U.S. could resume direct Mali military aid if elections successful


The United States is likely to eventually resume direct support for Mali’s military, but only after full restoration of democracy through elections, the head of a visiting U.S. Congress delegation said.

Senator Christopher Coons, chairman of the Senate Foreign Relations subcommittee on Africa, was leading the first American congressional visit to the West African nation since France sent a military force there last month to halt an offensive by al Qaeda-allied insurgents.

The United States has been providing airlift and refueling support for the French-led operation involving hundreds of French and African troops that has driven the Islamist rebels from a string of northern Malian towns in the last five weeks, Reuters reports.

Washington has also been sharing intelligence to back the operation, but has ruled out sending its own ground troops.

Coons, heading a four-member delegation from the U.S. Senate and House of Representatives, said both French and African military commanders were happy with the support that Washington was providing, but he indicated they might welcome more.
“There is the hope that there will be additional support from the United States in these and other areas,” the Democratic Senator from Delaware told reporters in Bamako.

Asked if increased U.S. support for the military intervention could materialize, Coons said U.S. law prohibited direct assistance to Mali’s armed forces because of the military coup there last year that toppled the elected government.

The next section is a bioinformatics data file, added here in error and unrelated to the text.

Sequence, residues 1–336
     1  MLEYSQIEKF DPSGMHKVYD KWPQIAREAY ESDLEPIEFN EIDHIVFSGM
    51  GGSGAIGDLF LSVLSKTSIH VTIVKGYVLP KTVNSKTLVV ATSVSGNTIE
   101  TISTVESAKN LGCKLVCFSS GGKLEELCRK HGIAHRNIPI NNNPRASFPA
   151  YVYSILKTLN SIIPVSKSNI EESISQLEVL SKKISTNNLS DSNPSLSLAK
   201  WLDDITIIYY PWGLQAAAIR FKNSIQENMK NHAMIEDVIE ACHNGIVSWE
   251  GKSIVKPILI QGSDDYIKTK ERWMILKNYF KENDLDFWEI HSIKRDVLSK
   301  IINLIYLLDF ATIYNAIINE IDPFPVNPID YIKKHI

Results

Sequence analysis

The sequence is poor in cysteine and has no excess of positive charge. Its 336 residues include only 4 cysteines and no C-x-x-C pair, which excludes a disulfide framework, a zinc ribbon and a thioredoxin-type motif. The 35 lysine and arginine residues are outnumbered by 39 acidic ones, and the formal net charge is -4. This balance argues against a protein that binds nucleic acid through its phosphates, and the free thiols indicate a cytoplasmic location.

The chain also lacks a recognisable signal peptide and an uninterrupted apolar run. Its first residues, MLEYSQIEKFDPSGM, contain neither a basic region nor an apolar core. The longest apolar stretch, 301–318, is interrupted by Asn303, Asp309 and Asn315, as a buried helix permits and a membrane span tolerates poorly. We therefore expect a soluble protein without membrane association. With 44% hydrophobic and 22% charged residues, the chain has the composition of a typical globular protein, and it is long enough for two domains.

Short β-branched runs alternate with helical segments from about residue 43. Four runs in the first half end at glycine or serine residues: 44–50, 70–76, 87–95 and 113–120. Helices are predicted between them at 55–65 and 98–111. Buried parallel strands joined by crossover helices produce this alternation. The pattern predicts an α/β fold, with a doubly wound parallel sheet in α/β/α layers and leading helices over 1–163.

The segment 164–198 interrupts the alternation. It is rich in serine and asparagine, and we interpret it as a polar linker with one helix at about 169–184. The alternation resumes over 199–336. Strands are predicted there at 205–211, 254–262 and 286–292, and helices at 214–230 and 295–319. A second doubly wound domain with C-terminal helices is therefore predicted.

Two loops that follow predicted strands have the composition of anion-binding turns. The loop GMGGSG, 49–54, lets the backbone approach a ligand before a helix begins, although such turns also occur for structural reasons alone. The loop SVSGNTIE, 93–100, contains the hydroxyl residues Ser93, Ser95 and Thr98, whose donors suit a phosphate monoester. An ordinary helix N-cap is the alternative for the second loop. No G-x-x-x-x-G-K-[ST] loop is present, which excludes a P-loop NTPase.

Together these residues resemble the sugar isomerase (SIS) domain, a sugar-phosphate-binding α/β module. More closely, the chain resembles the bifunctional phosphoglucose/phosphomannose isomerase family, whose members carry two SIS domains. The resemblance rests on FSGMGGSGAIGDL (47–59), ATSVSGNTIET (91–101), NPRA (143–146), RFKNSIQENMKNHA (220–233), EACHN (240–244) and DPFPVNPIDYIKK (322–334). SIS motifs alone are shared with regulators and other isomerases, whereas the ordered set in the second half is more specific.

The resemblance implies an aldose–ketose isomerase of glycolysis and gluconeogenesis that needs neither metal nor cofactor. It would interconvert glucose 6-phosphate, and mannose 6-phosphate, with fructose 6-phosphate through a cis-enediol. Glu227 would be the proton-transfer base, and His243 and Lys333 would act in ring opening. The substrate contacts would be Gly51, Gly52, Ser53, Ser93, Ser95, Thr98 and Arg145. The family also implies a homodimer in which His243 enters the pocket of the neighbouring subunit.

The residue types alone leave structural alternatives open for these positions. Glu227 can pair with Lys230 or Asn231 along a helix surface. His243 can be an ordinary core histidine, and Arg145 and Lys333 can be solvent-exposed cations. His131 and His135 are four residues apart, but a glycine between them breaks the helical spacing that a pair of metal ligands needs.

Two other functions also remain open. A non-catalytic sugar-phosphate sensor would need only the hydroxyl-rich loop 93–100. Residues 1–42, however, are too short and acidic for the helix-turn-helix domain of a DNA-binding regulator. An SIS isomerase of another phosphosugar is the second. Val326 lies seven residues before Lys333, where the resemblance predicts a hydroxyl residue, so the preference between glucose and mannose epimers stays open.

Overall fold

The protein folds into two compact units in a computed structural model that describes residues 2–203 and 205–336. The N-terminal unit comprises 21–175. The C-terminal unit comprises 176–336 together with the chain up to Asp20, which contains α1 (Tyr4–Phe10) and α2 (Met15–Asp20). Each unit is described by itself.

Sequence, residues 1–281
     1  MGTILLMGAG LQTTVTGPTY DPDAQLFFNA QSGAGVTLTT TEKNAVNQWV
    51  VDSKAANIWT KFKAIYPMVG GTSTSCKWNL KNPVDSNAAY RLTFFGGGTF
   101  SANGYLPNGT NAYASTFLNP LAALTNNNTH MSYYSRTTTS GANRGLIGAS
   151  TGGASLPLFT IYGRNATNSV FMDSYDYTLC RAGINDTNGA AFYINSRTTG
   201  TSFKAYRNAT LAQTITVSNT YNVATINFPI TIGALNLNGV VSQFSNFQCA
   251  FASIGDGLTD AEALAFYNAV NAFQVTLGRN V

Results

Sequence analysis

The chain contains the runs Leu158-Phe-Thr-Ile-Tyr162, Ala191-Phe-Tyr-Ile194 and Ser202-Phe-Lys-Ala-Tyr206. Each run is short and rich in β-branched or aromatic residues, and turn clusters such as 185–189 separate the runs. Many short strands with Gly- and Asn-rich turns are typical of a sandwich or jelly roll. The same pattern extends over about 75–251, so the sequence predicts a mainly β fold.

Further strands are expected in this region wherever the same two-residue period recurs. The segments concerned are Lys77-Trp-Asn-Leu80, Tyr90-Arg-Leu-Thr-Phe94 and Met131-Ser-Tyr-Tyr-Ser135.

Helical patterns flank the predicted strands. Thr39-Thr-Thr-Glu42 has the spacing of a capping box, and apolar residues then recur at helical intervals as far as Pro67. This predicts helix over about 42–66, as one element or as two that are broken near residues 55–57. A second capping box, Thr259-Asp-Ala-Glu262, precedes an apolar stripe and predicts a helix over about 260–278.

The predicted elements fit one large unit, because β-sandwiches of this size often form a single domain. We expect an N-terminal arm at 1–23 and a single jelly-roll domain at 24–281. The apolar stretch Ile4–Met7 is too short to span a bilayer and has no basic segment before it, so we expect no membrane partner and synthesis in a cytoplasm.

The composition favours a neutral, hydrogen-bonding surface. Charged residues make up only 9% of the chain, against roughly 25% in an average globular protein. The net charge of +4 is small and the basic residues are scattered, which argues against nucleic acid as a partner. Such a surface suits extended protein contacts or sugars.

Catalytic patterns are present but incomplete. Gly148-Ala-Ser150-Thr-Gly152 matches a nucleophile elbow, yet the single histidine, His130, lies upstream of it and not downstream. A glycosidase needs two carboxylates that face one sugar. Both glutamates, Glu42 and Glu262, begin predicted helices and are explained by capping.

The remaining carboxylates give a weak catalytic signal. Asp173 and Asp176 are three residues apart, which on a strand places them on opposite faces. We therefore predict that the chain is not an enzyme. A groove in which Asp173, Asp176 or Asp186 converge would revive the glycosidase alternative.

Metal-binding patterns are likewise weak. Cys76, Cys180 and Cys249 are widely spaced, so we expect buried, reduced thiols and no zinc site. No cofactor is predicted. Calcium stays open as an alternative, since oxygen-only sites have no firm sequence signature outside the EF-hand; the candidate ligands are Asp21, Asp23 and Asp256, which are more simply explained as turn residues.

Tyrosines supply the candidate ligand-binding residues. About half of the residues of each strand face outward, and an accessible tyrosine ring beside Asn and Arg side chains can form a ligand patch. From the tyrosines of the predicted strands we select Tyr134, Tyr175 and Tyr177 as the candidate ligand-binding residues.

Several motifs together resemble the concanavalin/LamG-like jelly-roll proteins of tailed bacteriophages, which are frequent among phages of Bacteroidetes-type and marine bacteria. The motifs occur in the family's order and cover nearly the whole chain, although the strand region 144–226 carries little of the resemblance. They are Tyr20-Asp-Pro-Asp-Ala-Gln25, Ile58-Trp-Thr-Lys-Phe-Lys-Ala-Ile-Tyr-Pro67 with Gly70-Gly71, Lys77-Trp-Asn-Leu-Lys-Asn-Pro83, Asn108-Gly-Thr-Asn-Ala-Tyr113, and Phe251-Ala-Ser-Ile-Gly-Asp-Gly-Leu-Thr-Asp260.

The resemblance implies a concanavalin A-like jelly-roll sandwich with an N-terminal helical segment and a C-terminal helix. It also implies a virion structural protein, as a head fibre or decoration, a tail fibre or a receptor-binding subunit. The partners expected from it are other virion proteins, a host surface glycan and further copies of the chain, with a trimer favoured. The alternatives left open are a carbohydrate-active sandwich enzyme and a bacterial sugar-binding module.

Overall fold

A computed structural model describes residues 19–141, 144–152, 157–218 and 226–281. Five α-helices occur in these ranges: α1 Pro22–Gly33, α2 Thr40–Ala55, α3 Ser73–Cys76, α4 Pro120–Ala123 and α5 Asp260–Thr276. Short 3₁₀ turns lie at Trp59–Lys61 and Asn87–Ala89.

“After there is a full restoration of democracy, I would think it is likely that we will renew our direct support for the Malian military,” he added.

French and African forces are hunting the Islamist insurgents who have retreated to Mali’s remote northeast, and Malian interim President Dioncounda Traore has said presidential and parliamentary elections will be held in July.

Coons, whose delegation held talks with Traore, said the United States would strongly support inclusive elections.

Coons said al Qaeda’s North African wing AQIM and its allies in Mali and elsewhere posed a “very real threat” to Africa, the United States and the wider world and he said the United States wanted to be part of the response to this security challenge.
“We are committed to ensuring support of the United States in the ongoing fight against extremism,” he added.

Before last year’s coup in Mali – led by a U.S.-trained Malian army captain – the American military had been providing combat training to several Malian army battalions.

But this was quickly suspended after the coup, which plunged Mali into chaos and led to the occupation of its Saharan north by jihadists who hijacked a rebellion by Tuareg separatists.

Although the French-led offensive has driven the bulk of the Islamist forces northwards back up to the Algerian border, there are fears their fighters and sympathizers could strike back with reprisal attacks in Africa and elsewhere.

A top U.S. defense official last week called for international efforts to counter a “growing terrorist presence” of al Qaeda and its allies in Africa.

Coons was accompanied on the one-day visit by Georgia Republican Senator Johnny Isakson, and Congresswomen Karen Bass from California and Terri Sewell from Alabama, both Democrats.